Navigating Ramadan with Rheumatoid Arthritis: Part 1

Blog by Dr Shirish Dubey & Hifsa Mahmood

This year, Ramadan is expected to begin on 11th March 2024 and due to finish on 10th April 2024 with Eid-ul-Fitr. As we look forward to the holy month of Ramadan, some of you will be wondering whether you should fast or not. There are, of course, exemptions from fasting – one of those being people who are ill or have medical conditions. 

Instead of fasting, you could choose to honour Ramadan through charity, such as by feeding a less privileged person. I know that a lot of you will want to fast, in keeping with good religious practice whilst also ensuring you can maintain good health. It is imperative that you ensure medications are taken regularly, and the dosing schedule is maintained. There may be a need to adjust daily schedules so medicines can be taken between the evening meal of Iftar (sunset) and the morning meal of Suhoor (dawn). Fortunately, we are in winter with approximately 11 hours between sunrise and sunset but the days will gradually get longer.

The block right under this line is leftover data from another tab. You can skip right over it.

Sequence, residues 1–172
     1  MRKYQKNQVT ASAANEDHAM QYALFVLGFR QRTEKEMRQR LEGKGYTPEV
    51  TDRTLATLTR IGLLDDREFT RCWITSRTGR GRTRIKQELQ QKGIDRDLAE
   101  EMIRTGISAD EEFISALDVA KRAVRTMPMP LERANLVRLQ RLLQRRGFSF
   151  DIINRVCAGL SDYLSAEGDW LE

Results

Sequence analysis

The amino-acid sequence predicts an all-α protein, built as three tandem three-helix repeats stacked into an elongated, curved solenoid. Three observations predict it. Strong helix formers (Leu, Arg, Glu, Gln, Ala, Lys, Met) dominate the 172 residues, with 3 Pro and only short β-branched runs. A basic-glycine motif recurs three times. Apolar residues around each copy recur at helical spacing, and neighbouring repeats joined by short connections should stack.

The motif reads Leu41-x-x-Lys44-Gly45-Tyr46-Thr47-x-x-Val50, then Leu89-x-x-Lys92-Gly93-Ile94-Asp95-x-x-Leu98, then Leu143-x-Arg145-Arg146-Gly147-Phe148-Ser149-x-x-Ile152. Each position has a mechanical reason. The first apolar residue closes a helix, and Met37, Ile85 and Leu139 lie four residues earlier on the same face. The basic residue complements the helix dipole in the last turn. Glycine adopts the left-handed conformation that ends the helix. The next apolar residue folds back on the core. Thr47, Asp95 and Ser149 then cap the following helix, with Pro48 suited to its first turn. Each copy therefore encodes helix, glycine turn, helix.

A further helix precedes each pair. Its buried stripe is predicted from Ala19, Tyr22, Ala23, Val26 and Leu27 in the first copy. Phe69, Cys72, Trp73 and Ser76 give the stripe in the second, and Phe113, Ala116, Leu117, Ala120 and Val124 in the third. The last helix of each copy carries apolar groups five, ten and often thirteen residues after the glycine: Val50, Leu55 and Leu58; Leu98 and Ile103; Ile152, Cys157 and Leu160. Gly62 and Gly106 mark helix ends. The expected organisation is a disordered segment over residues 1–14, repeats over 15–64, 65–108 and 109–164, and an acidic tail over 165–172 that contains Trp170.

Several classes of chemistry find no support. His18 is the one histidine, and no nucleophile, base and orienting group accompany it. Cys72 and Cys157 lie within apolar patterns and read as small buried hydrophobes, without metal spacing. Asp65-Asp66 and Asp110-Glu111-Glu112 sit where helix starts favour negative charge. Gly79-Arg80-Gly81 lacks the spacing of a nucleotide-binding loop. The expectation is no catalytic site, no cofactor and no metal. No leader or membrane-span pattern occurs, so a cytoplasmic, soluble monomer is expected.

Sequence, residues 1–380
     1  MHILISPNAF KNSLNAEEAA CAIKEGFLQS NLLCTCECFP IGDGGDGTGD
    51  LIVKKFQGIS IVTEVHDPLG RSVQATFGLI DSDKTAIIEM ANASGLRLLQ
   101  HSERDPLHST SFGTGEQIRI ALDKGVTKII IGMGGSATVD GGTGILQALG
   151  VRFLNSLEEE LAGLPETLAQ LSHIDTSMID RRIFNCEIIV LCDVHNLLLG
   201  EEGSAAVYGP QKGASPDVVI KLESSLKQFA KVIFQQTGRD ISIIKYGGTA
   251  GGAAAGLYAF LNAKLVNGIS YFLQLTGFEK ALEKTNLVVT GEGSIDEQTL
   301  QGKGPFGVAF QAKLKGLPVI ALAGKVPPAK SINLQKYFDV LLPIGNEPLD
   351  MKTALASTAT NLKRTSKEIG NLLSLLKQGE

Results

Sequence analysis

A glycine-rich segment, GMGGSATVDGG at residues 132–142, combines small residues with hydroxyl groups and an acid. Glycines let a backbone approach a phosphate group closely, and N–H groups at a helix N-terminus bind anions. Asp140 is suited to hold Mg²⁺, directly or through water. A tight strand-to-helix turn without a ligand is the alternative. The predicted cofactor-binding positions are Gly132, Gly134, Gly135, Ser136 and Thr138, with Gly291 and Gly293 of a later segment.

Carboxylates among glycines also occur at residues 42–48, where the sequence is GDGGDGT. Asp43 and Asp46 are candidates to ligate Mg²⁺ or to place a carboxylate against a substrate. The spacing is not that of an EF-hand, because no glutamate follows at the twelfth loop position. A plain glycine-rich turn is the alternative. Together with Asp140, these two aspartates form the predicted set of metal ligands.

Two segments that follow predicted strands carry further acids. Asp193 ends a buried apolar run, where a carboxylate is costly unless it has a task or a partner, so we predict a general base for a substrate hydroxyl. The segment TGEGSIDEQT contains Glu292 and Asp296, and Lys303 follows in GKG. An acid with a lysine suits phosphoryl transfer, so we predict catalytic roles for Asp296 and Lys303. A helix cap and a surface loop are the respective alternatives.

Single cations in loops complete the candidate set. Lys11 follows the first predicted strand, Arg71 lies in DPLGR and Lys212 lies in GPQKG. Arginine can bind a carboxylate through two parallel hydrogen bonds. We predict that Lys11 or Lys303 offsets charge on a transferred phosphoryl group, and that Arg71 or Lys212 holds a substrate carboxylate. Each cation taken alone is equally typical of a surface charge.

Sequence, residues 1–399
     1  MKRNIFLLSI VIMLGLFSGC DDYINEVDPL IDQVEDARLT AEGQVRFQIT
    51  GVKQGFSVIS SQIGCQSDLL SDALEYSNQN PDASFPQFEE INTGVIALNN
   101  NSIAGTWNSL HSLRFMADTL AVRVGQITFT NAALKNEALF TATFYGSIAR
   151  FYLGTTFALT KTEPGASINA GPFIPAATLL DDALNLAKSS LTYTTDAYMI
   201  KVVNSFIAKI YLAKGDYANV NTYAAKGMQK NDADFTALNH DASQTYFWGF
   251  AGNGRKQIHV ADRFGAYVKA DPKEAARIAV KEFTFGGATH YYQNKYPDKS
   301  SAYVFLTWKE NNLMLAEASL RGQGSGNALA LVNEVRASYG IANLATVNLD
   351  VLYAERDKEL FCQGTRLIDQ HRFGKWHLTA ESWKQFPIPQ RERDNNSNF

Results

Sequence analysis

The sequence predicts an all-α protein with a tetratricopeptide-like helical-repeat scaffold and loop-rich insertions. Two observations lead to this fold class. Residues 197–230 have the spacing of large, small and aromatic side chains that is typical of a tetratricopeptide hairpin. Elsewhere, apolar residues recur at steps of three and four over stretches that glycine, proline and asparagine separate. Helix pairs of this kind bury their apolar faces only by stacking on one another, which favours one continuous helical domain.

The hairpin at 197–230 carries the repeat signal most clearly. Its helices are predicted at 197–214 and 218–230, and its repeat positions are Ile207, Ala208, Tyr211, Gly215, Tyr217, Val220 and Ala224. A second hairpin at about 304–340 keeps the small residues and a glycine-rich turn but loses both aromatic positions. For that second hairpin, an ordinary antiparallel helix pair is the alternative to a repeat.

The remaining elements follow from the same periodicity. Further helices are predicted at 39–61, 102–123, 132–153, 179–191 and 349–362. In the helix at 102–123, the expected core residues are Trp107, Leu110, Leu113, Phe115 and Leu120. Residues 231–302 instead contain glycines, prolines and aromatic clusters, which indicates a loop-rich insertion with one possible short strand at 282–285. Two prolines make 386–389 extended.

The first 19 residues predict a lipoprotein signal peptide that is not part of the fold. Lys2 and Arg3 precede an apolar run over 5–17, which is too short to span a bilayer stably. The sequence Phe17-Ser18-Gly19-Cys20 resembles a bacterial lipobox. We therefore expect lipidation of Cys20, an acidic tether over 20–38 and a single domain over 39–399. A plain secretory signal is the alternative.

Medications that are taken twice a day such as Sulfasalazine or Mycophenolate can be taken with Suhoor or after Iftar. Medications that are taken once a day or less can be taken at a convenient time. Injections such as biologics are less of an issue since these are usually once a week or sometimes even less frequently. Painkillers such as Paracetamol are a bigger problem since the dosing schedule is usually 4 times daily. Anti-inflammatory agents can be adjusted around the fasting times and longer acting versions that last for 12 hours or 24 hours can be chosen. Where possible, longer acting versions of painkillers should be preferred and it is worth having a discussion with your health practitioner to get the prescriptions sorted well in advance to avoid any last-minute stress. 

The purpose of Ramadan is to improve the spiritual and physical state and to fortify your relationship with God (Allah). It’s important that we ensure that we are not ignoring our physical health whilst looking after the spiritual.

Further information from the British Islamic Medical Association can be found here. Keep an eye out on Part 2 during Ramadan.

Dr Shirish Dubey (Consultant Rheumatologist) and Hifsa Mahmood (Specialist Clinical Pharmacist, Oxford University Hospitals NHS FT).

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